Fin whale, and “Onion” returns, Nov.16, 2015

Written by Tursiops. Posted in bottlenose dolphin photo ID, Cape Lookout Studies Program, Cetacean Studies, Marine Mammal Stranding Network, Sighting Report

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Today was an amazing day for the crew of Spyhop. The day started out with 2015’s first sighting of “Onion” here in Beaufort. While out for our regular bottlenose dolphin photo ID survey we encountered him  in the estuary near Phillips Island. He appears to be in good condition, and seems to be in the company of a new companion.

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We continued out to the ocean, as weather conditions were perfect. No other groups of bottlenose dolphins were seen off Shackleford banks. However, several blows from whales were visible in the distance. Heading back into Beaufort inlet we spotted a very unusual sight…A Fin whale (Balaenoptera physalus) just off of Atlantic Beach! This encounter is highly unusual as Fin whales are rarely sighted south of Hatteras in NC or near the beach in shallow water. While photographing this animal for documentation and possible photo identification we sighted a humpback whale, also very near the beach and a short distance away near the AB circle. Unfortunately we did not have the opportunity to photograph this animal. However, on our way back to the dock we encountered yet another humpback whale only slightly farther offshore of Ft Macon!

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Fin whale top left and right, Humpback whale below:
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Nov. 11, 2015 Dolphin Photo ID

Written by Tursiops. Posted in bottlenose dolphin photo ID, Cape Lookout Studies Program

 

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Beautiful weather allowed us to go out today on our cape lookout studies program boat “Spyhop” and do our usual bottlenose dolphin survey and photo ID.  Just a few minutes after leaving the Gallant’s channel dock we encountered our first group of approx. 15 animals in the estuary. We recognized a few of our winter “regulars”, among them at least 3-4 mother/calf pairs. The next group was spotted in the ocean off the west end of Shackleford, including freeze brand (FB) #402. Freeze brand animals have been previously captured and marked with numbers to help with dolphin research and identification. A lot can be learned from the sightings of these animals. The third group we saw was fairly large, but due to deteriorating weather conditions we decided not to attempt photos. Inside Cape Lookout Bight we saw a single bottlenose dolphin and surprisingly (for this time of year) several sea turtles, one identified as a large Loggerhead. We had hoped for another sighting of the humpback whale repeatedly seen in the area over the last few weeks, and last photographed by us on Nov. 5, 2015.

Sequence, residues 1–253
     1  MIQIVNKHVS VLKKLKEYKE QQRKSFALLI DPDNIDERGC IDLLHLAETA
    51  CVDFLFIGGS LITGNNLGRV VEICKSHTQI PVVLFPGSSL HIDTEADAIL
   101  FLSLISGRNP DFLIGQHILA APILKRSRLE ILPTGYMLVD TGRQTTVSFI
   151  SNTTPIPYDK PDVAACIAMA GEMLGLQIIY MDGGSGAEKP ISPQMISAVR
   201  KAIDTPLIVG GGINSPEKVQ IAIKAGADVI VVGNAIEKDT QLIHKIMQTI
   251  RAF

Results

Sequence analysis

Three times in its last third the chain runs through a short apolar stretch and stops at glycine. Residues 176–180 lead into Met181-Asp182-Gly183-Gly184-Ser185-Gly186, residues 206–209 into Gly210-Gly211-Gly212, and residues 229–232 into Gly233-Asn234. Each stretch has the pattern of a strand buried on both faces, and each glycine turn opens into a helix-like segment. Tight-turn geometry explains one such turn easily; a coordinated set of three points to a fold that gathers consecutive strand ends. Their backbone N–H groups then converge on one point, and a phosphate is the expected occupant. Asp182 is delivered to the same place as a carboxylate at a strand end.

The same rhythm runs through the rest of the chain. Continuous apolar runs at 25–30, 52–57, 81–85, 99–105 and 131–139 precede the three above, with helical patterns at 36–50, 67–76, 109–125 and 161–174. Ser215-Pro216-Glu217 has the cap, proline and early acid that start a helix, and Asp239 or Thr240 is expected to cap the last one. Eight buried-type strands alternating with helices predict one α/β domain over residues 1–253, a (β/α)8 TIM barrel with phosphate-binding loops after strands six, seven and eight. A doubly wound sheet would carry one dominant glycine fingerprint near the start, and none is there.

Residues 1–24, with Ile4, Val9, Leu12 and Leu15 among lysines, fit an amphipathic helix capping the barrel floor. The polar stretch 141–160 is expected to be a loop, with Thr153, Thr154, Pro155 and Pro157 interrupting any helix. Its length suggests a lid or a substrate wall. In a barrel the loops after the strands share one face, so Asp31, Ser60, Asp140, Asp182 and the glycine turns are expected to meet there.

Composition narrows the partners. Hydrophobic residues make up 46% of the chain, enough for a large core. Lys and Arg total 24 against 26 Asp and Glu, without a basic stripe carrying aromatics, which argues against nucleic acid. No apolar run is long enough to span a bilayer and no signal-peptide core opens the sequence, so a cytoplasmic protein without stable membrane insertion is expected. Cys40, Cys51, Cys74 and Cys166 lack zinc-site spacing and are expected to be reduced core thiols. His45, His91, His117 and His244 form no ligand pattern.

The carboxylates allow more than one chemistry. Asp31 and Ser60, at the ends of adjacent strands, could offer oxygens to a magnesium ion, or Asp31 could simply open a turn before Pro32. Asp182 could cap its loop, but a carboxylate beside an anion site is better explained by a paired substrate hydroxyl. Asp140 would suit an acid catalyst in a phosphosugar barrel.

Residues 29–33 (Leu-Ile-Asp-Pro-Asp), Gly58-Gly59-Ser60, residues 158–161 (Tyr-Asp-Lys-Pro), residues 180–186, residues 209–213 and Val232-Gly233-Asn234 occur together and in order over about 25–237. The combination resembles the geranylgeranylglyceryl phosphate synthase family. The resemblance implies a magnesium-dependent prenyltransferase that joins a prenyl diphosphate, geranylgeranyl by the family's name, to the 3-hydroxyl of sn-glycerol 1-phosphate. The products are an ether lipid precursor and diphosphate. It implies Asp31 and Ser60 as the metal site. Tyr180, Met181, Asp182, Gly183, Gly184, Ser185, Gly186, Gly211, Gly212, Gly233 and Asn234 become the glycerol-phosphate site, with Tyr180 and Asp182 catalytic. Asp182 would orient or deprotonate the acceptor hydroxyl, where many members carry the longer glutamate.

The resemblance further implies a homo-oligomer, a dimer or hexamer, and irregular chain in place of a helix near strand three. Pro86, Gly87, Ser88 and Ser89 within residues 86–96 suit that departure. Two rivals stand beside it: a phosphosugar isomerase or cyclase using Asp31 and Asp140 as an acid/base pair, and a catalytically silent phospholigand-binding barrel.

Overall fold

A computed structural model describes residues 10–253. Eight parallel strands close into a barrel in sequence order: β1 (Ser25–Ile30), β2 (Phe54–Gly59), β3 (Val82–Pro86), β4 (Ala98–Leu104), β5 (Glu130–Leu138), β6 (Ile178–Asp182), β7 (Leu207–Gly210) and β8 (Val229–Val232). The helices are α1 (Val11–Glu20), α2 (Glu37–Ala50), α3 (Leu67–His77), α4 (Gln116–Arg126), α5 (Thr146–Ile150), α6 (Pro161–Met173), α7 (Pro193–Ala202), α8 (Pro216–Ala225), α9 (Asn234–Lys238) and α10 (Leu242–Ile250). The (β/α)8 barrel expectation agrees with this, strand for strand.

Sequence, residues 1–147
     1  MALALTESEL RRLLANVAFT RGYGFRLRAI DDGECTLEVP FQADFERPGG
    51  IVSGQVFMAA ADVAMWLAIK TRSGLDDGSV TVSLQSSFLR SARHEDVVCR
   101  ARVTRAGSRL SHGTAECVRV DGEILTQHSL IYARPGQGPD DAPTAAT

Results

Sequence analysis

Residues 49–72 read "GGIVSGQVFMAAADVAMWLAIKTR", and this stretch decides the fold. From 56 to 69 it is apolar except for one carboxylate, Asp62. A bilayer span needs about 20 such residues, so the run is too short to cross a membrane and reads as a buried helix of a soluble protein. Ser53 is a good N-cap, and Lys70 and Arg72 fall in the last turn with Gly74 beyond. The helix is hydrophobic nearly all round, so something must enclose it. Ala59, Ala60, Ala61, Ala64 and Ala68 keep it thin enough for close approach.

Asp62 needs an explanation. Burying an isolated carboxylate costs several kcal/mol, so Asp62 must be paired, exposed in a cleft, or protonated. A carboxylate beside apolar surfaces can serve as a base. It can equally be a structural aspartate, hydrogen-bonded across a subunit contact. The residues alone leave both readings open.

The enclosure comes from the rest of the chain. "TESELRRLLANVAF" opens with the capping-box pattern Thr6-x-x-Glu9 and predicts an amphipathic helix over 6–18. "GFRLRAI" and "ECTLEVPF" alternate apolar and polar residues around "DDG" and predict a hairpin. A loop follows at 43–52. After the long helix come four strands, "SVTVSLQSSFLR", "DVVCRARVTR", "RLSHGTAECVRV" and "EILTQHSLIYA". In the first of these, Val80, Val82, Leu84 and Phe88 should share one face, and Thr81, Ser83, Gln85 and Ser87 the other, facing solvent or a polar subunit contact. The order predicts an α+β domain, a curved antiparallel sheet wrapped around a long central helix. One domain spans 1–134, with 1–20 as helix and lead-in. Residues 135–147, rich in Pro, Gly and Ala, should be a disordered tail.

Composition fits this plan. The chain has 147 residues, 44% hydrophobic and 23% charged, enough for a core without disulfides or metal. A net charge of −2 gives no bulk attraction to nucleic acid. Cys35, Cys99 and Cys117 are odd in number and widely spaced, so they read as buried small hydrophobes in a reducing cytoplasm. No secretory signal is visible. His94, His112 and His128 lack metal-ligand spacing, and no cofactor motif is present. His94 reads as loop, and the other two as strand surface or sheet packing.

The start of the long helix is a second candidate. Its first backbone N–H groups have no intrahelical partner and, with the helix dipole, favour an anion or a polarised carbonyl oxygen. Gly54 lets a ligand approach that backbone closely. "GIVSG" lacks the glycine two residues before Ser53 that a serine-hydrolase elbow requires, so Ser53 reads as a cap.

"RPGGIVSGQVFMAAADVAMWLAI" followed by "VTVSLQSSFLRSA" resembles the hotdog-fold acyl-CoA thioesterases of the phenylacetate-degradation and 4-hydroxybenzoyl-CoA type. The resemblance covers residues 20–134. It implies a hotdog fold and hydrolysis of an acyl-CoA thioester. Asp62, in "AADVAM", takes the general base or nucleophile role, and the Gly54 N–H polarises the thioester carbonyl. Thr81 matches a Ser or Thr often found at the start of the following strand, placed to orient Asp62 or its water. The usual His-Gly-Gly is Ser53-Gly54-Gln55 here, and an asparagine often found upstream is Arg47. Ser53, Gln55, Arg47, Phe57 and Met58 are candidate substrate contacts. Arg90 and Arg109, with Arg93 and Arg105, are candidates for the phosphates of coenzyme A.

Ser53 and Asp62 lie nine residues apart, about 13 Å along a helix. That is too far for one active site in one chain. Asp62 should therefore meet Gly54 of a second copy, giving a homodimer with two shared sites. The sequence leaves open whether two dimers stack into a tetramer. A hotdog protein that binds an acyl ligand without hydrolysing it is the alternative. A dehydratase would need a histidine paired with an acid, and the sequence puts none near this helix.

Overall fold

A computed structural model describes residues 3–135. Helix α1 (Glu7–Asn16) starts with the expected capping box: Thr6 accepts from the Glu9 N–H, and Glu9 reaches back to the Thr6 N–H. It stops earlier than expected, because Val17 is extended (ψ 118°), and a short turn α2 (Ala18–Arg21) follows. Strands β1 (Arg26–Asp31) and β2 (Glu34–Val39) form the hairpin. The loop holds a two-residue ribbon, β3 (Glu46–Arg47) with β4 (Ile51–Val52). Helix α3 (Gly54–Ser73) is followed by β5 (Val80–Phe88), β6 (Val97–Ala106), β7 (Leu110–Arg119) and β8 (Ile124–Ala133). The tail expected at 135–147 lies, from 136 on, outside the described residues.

Here are today’s “best of” bottlenose dolphin dorsal fin photos:

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Dolphin Epimelitic Behavior, Nov. 1, 2015

Written by Tursiops. Posted in bottlenose dolphin photo ID, Conservation, Marine Mammal Stranding Network, Sighting Report, Uncategorized

On Sunday, Nov. 1st, Katrina Smith reported a floating dead north carolina dolphin in the Newport River near the ICW at the Morehead Beaufort Yacht Club. Upon arrival, Vicky Thayer (NCDMF and NCSU CMAST) and Keith Rittmaster (NCMM) of the NC Marine Mammal Stranding Network noticed it was being supported and moved by another dolphin, a behavior termed “epimeletic”. After approximately 90 minutes of taking photos and video, and seeking help, they (with volunteer Nelson Owens) brought the dead dolphin carcass onto Lee Sykes’ TowBoat US boat near the Morehead/Beaufort high-rise bridge 5 kilometers from where it was initially sighted. After a brief examine, they put it in the CMAST freezer for future necropsy. The most interesting aspect about this case so far is that the dead dolphin, the one being supported and pushed, was a non-lactating adult female. This is unusual because such epimeletic behavior has often been directed towards dead calves, but not towards an adult dolphin as far as we know.

Both bottlenose dolphins are in the nc maritime museum dorsal fin photo-ID catalog, although neither has been seen often. An upcoming necropsy as part of our ongoing dolphin research will yield more information about the dead dolphin, and hopefully future sightings of the “pusher” will teach us more about that dolphin as well.TBUS-VT-NO-Tt-web-credit

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